The year is 1818 and surveyors in the southern United States are trying to figure out where the 35th parallel is. The latitude is to be Georgia's northern border, although the equipment used to draw the line — a marine sexton — is imprecise. They get it wrong in the southernly direction by a mile.
Flash forward to 2018. Georgia Gov. Nathan Deal (R) is now considering creating a committee to discuss reclaiming the land from Tennessee and North Carolina that was lost when those early geographers messed up, Fox News reports. Why care so much bout a 200-year-old mistake? Because in that mile-wide margin of error is the Tennessee River, leaving the city of Atlanta dependent instead on Lake Lanier, which has, over the years, reached threateningly low levels.
"As metro Atlanta [grows], as Georgia grows, as the South grows, we have a greater dependency on water," said Georgia state Rep. Marc Morris (R). He noted that 1.6 billion gallons of water flow out of northern Georgia into the Tennessee River daily.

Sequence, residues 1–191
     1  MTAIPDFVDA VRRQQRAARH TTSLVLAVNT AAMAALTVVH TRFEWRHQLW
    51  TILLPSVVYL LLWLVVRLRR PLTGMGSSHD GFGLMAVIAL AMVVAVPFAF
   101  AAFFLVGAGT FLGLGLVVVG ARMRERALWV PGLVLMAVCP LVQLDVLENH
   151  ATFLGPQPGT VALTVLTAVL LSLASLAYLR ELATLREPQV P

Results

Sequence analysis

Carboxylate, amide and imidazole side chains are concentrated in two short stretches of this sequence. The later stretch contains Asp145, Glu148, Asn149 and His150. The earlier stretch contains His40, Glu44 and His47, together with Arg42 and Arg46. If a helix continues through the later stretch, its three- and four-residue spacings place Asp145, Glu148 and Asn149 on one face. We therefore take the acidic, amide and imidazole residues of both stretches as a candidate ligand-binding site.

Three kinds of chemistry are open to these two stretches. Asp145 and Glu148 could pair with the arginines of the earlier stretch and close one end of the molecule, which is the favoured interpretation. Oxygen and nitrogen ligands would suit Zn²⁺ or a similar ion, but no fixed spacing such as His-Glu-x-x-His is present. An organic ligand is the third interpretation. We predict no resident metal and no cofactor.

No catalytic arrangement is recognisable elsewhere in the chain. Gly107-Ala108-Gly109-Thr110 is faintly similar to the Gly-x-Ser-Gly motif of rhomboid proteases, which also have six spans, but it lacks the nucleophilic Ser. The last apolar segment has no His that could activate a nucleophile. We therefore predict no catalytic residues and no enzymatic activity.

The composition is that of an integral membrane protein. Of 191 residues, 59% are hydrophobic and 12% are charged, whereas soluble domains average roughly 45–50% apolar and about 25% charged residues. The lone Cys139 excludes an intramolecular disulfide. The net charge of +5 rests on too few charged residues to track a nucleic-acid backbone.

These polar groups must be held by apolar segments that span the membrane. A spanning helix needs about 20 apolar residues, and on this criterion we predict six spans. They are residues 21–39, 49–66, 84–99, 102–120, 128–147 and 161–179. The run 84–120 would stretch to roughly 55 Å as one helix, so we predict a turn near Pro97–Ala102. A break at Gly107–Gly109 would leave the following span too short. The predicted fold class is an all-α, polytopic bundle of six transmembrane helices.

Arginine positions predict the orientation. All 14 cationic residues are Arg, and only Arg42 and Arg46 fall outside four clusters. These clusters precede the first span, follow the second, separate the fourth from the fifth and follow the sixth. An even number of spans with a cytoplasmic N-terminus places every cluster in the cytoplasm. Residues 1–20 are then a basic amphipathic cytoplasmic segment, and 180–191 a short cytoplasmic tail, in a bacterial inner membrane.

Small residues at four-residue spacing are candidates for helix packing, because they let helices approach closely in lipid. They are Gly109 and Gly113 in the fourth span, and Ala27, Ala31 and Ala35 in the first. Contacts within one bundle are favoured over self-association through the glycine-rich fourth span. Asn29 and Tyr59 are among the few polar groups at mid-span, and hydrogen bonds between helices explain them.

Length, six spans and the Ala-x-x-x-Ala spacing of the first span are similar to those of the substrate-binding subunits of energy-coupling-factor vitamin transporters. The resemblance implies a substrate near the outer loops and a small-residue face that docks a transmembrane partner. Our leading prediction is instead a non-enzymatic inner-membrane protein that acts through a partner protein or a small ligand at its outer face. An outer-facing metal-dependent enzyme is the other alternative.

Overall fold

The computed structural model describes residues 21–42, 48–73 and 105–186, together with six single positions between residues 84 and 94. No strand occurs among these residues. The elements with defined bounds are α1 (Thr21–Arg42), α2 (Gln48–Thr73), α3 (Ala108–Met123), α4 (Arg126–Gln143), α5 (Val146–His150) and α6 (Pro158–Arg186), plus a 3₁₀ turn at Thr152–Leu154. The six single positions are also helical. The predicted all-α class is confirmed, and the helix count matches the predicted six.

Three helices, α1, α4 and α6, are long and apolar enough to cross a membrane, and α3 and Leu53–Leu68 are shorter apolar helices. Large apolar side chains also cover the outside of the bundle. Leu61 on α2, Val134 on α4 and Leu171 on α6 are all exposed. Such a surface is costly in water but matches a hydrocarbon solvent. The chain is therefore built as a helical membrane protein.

Tennessee, on the other hand, is not amused (this isn't exactly the first time the issue has come up). "Atlanta should've thought about their growth plan years ago and they haven't," said Tennessee state Sen. Todd Gardenhire (R).
In order for the border to be moved, the states would have to agree; so far, it's not looking likely. If that happened, the idea would still have to go to Congress for ratification. Otherwise, the Supreme Court could get involved, although even Georgia lawmakers want to avoid that — as do many Georgians living in the sliver of land up for debate.
"It's something you're kind of like, 'It isn't going to happen,'" said one such resident, Glen Meadows. "That's just not going to happen. Surely we can figure out a way to resolve this." Read more about the dispute at Fox News.